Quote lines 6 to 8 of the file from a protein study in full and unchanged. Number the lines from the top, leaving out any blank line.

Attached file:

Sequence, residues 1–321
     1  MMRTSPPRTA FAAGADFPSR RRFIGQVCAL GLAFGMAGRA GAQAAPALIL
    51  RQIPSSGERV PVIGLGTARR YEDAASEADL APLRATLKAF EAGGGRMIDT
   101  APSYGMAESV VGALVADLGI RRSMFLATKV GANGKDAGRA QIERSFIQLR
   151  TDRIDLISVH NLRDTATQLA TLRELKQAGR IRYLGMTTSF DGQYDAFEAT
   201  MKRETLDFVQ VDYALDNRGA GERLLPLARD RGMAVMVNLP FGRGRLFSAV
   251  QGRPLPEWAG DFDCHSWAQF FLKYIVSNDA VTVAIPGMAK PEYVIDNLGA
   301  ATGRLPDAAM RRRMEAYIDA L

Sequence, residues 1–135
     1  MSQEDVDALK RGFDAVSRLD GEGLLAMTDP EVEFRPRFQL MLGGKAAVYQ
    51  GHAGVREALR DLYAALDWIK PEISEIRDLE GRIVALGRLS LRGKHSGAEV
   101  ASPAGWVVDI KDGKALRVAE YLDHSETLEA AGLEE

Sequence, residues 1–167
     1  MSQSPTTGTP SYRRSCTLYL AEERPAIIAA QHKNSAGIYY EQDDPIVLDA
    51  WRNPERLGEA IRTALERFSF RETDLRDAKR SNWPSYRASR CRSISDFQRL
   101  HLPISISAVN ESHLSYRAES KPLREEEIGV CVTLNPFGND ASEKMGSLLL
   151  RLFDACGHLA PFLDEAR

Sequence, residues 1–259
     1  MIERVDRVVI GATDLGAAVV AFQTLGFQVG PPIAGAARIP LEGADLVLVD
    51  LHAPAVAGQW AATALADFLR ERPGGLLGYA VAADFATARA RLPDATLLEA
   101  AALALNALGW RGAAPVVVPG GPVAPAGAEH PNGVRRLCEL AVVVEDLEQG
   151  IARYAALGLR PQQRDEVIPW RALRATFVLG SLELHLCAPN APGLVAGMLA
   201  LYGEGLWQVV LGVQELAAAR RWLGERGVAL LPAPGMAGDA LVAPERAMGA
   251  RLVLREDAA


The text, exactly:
   201  MKRETLDFVQ VDYALDNRGA GERLLPLARD RGMAVMVNLP FGRGRLFSAV
   251  QGRPLPEWAG DFDCHSWAQF FLKYIVSNDA VTVAIPGMAK PEYVIDNLGA
   301  ATGRLPDAAM RRRMEAYIDA L